16. I'm using MCT's w/FLL w/youngest. With my older two AG worked well. I did like the dvds, but they really were not necessary. It made it a lot easier for me to keep up w/what they were learning and made ds more willing to do it. DD felt like it was a waste of time and went straight to the book. I agree that it helps tremendously to know the names of various parts of speech eg. pred. nomin. in order to learn another language. And while I think you can be an ok writer w/o an extensive knowledge of grammar, you really should know it well to be a good to great writer, eg when to use who/whom. bring take, etc. Laura
  17. I don't do the whole thing. I just use as much as I think she's capable of and try to stretch her and break it into 2 parts. They are exceptionally long and complicated and quite a jump from WWE3. Laura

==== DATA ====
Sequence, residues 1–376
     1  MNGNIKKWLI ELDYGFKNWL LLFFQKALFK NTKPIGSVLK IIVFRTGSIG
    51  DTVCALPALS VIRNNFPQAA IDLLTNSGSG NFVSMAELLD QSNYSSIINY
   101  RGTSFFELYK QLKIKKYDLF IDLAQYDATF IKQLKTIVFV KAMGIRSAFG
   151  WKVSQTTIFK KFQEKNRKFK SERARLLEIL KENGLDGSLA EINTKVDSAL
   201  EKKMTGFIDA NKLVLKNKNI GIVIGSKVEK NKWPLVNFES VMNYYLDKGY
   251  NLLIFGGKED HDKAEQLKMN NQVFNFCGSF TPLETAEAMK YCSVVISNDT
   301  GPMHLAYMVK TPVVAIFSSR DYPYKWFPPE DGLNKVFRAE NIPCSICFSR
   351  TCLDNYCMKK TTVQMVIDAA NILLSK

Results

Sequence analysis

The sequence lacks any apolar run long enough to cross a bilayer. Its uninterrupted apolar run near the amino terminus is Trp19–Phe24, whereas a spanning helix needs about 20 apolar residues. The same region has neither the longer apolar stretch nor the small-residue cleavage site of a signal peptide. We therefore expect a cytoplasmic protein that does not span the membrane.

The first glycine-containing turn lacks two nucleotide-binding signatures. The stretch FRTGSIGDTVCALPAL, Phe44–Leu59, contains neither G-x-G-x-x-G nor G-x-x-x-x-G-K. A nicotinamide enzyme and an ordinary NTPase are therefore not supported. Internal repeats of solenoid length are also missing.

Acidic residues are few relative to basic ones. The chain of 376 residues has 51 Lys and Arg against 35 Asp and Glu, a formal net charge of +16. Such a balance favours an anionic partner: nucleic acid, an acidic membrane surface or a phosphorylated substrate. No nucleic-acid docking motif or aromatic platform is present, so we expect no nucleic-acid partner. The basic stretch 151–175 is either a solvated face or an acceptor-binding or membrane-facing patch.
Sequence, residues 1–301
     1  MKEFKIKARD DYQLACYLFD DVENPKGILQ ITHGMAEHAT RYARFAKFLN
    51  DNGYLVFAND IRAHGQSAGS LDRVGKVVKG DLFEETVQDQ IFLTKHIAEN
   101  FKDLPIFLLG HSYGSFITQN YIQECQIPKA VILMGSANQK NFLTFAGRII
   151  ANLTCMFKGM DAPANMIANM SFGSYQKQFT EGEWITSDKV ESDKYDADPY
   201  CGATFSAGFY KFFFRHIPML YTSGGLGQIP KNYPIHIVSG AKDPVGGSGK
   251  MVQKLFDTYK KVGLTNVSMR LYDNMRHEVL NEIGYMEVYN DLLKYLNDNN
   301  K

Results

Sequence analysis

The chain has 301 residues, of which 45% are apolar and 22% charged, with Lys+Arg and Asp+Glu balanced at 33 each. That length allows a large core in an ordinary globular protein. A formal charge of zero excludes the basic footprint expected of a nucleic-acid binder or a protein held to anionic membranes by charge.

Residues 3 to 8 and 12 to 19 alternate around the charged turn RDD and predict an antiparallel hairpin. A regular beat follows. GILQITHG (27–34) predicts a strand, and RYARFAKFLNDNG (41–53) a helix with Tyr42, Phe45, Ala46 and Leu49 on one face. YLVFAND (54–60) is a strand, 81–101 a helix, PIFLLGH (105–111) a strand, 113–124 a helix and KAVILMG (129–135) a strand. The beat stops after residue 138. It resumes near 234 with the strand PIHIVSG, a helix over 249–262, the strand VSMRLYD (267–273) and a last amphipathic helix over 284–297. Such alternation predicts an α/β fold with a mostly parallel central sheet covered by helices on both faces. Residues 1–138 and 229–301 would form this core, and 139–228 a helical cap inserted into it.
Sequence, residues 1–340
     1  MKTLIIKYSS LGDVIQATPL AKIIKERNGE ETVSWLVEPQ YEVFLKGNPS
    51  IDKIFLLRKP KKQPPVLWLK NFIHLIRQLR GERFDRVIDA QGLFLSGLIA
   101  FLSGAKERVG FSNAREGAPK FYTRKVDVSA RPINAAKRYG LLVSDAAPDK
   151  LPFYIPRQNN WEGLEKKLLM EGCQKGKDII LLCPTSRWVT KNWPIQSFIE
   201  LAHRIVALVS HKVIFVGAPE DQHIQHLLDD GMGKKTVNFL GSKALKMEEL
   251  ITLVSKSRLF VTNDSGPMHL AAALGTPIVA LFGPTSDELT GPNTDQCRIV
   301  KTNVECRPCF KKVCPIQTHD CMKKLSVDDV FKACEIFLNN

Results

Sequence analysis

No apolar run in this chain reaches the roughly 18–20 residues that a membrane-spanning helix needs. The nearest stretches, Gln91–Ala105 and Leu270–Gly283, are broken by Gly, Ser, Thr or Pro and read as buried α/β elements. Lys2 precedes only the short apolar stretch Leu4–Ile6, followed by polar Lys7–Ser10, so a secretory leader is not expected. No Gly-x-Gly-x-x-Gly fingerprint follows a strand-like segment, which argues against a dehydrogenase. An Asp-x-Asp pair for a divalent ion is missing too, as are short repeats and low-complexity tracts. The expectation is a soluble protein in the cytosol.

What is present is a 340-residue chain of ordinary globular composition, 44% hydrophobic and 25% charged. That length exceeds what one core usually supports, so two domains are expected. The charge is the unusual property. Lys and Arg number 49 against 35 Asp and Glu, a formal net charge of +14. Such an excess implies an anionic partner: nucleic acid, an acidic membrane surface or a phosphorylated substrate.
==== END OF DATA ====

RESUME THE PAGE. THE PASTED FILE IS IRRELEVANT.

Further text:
18. I had a relaxed approach to hs'ing my oldest who is now a freshman at a rigorous prep school. I kind of panicked in 8th grade that I hadn't done enough to prepare him for high school at this particular school. And you know what...I hadn't. But it's ok. He's on the honor roll and doing well. It was especially hard to get him to do work, so we head butted quite a bit. We did a ton of extracurriculars and field trips. We did swim and art classes, history and gym co-op, and speech classes. In the evening we did several sports. During the day, we focused on Latin (took Lukeion in 8th grade) and math. He did both Chalkdust and Saxon Algebra 1. For English he did Bravewriter for one term in 8th grade, and AG in 8th. He's always read and he read many of the classics at our co-op. He also did CC Foundations in 7th grade. In all this jumble I'm trying to say that our relaxed approach meant going to fun places and focusing on three core subjects: math, Latin and English. Probably the best thing we did was Latin. He's probably about the only kid (possibly one or two others) who is not struggling in his Latin class. He's in an honor's geom. class and that is going ok. I probably should have spent more time on science. We did watch a lot of science dvds, and he volunteered at the local science center. He also did 1/2 year of Rainbow Science. He watched one of the TC dvds for American history (and we both learned quite a bit). While I do regret not spending more time doing science, I am grateful for all the fun we had. We took some amazing field trips, and spent lots of time w/friends and with each other. I know in the future, I will look back on this time fondly. However, that's not to say that I have the courage to pull it off w/my dd12 in high school. Laura